2010 Delahaye USA Bugnotti Type 57 Roadster

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(from Terry Cook)  BUGNOTTI

What do you do when you have a craving for a classic Bugatti or Delahaye but can neither afford one, nor would you want to cut one up to make it into your fantasy dream car? The answer Terry Cook came up with was to build such a car from scratch. Starting with one of his composite Generation II Boattail Speedster bodies, which are manufactured by his company DECO RIDES of Long Valley, NJ, he radically modified the design incorporating styling ideas from a number of different cars. The body itself was designed eight years ago for Cook by top hot rod builder/designer Chip Foose of Huntington Beach, CA. It is a cut down and streamlined version, inspired by the early Al Leamy and later Gordon Buehrig styled Auburn Boattail Speedsters. Relatively unknown clay modeler Vince Gardner contributed a lot to the styling of the second generation Auburn Boattail.

The fully enclosed "pontoon" fenders were strongly influenced by several mid 30's Delahayes designed and built in Paris by famed coachbuilders Figoni & Falaschi. The front tires steer lock to lock inside the somewhat bulbous front fenders that look like a Chipmunk with it's cheeks stuffed with acorns. The grille shell is a faithful copy of a Bugatti Type 57 that has been chopped about 4 inches to fit the car. DECO RIDES also remanufactures dimensionally correct brass duplicates of the Bugatti shell with reproduction steel shutters in the grille. The radiator shell was capped off with a replica Hispano Suiza stork from American Arrow of Clawson, MI. Put it all together and you have BUGNOTTI, a car that does not pretend to be a Bugatti, but pays homage to this great marque as well as the incredible styling of Figoni, Leamy, Gardner and Buehrig. That explains the FIGONI personalized license plate.

Using a Fat Man Fabrications boattail frame made for these bodies, Gary Brown of BROWN'S METAL MODS in Indianapolis started the project, mounting the body and hanging the fenders, making the car into a "roller". Because Cook pulled Brown off the BUGNOTTI Project to have him concentrate on building the DECO LINER Zephyr delivery, the project was moved to Delaware. Ramsey Mosher of RAM's ROD SHOP in Dover, DE was given the impossible challenge of completing the car by a mid July 2008 deadline for a major show. Ram had previously built Terry's SCRAPE steel '39 Zephyr, his 1956 Lincoln "TITANIC" and had worked on an assortment of Cook's other toys. Because of the wiring complexities of the BMW V-12 engine and automatic transmission and the deadline, the V-12 was snatched out of the car and replaced with a trusty LS-1 small block Chevy V8 and 4L60E automatic transmission.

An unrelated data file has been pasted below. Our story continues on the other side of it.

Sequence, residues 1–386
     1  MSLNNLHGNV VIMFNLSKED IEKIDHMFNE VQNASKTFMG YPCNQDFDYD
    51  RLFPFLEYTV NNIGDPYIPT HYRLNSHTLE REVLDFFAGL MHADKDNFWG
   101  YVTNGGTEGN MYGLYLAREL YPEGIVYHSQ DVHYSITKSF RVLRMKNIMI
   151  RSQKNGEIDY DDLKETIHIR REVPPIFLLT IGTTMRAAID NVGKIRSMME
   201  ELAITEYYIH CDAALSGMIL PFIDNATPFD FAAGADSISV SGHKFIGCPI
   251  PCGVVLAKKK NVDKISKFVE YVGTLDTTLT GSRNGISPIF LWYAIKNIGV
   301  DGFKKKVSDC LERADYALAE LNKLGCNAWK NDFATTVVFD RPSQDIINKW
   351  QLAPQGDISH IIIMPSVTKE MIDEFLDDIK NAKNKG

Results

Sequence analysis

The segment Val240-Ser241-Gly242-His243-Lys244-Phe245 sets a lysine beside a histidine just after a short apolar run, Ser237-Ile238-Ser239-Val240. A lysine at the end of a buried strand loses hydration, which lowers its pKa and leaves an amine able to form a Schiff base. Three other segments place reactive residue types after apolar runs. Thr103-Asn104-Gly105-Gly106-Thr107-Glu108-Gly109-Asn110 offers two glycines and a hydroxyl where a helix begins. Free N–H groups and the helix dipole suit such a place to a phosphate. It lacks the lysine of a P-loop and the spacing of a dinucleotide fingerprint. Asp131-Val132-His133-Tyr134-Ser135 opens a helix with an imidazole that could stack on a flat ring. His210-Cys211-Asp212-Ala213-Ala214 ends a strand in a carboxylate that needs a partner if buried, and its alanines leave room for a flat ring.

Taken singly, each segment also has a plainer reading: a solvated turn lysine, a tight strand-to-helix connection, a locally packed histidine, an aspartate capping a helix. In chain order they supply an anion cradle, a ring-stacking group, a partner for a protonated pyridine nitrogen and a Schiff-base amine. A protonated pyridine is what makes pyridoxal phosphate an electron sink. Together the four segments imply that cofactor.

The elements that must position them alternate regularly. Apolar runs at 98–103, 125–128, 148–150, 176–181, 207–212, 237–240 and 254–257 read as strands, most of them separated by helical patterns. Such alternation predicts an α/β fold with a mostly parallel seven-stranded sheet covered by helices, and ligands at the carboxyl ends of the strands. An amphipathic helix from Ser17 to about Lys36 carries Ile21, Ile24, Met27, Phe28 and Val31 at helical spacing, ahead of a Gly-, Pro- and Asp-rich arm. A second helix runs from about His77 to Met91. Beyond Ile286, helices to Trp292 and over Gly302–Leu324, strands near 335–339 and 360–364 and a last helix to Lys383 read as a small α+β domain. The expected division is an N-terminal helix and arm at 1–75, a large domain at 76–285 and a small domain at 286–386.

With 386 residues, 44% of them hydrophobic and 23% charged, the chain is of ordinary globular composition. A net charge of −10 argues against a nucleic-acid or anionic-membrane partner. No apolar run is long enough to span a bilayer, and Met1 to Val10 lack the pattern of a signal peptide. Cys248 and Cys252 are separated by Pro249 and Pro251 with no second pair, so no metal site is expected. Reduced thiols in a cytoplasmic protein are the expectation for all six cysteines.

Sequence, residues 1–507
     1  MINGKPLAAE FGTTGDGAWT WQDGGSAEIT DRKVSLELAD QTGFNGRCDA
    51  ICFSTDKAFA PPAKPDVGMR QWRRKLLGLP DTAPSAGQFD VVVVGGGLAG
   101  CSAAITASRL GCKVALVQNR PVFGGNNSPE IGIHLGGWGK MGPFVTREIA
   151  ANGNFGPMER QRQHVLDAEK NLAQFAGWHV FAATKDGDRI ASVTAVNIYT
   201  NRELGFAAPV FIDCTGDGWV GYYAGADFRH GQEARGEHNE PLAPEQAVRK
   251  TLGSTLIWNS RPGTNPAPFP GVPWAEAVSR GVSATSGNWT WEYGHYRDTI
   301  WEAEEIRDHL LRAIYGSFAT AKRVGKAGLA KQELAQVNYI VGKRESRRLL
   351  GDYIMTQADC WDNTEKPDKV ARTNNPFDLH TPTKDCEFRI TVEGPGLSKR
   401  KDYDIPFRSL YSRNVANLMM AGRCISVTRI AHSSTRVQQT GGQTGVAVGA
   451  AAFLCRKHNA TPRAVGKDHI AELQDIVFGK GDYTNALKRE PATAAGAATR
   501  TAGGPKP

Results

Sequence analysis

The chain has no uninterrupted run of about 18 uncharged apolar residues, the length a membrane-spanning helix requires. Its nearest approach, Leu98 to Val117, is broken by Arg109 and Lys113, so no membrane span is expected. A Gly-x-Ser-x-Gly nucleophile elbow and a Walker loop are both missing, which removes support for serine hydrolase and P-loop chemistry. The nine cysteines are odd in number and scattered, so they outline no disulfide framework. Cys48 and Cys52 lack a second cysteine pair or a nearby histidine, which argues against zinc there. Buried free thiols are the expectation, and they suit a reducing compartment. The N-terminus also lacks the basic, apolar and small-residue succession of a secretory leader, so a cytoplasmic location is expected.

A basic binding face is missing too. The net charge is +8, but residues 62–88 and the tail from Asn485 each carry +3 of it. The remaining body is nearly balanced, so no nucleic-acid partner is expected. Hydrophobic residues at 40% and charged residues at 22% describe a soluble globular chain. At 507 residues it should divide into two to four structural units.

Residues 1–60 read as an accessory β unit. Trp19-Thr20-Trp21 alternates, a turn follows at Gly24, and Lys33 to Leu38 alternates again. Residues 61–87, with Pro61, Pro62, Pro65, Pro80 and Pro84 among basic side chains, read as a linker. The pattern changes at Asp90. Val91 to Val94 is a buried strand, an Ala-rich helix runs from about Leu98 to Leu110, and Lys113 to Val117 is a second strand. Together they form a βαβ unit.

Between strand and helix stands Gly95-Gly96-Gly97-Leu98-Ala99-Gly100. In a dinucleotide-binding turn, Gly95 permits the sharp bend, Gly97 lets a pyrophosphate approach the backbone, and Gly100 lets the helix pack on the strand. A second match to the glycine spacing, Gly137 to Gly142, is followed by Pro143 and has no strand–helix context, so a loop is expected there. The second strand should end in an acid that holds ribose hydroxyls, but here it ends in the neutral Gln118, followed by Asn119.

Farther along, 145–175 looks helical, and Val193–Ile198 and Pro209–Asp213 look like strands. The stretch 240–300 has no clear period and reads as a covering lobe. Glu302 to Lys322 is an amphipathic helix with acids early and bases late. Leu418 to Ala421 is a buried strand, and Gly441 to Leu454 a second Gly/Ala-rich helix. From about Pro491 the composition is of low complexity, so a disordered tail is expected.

The careful rubbing and loving of the body surfaces to make it mirror smooth was turned over to Brian Butler ot Greenwood, DE. His EAST COAST RESTORATION & COLLISION team did the paint and bodywork using RM black and 5335 Glamour clear. The resulting superb finish shows that classic "black is back". If you wondered how the car manages to have trademark Bugatti-style louvers in the rocker panels of a composite body, Ram stamped them in a piece of steel and bonded it in place. He also fabricates the sculptured eight stainless megaphone exhaust stacks that smack of a pipe organ. The subtly curved windshield was designed by famed sculptor Stanley Wanlass and is manufactured by RODWARE of Salt Lake City.

The car will tour the US during the summer of 2008 and will be exhibited in the DECO RIDES booth at Retro Auto in Pebble Beach the week of 14-17 August. Like most of Cook's creations, it is FOR SALE to provide funds for numerous other current projects. Interested parties can email Terry at decorides@aol.com .

Prior to the bodywork, the car was delivered to Stephen Pierce of ONE OFF TECHNOLOGIES of Gilford, NH. He fashioned the leather that has been "crocked" (converted to faux crocodile) together with a contrasting red leather to design and stitch the trim. Because of time constraints, Strader's Auto Upholstery completed the carpeting and trunk interior. While in Gilford, Pierce also masterfully created the stainless steel brightwork trim that decorates the exterior. Copying a number of Type 57 and 57S Bugattis and Cook's design, he used polished stainless woven wire to fill the opening in the steel hood side panels. He then surrounded the openings with round stainless tubing he bent to shape and carefully removed the back half. The side spears were similarly made from oval stainless tubing that was carefully shaped. Studs were welded onto the back side of the trim to hold it to the body and the stainless, including the sculptured megaphone "pipe organ" exhausts, was then painstakingly polished by Chris Wyckoff, Hewitt, NJ.

One side of the car is decorated with the thin stainless trim, but the opposite side of the car has a large pair of pumpkin seed shaped fender skirts. They were hand formed by PANEL CRAFT of Bethlehem, NH and then the aluminum skirts were then chrome plated (!) by The FINISHING TOUCH of Chicago. Why the non symmetrical approach? Cook loved both of the designs and figured you could only see one side of the car at a time. While BUGNOTTI has a lot of unique styling features combined into one car, the singular statement that Cook is trying to convey is the lavish use of polished stainless and chrome plated aluminum exterior body décor. It harkens back to the flamboyant use of brightwork by famed Paris coachbuilders Jacques Saouchik and Guiseppi Figoni, who are two of Cook's heros.

Contact Delahaye USA at 908 876 9100
www.decorides.com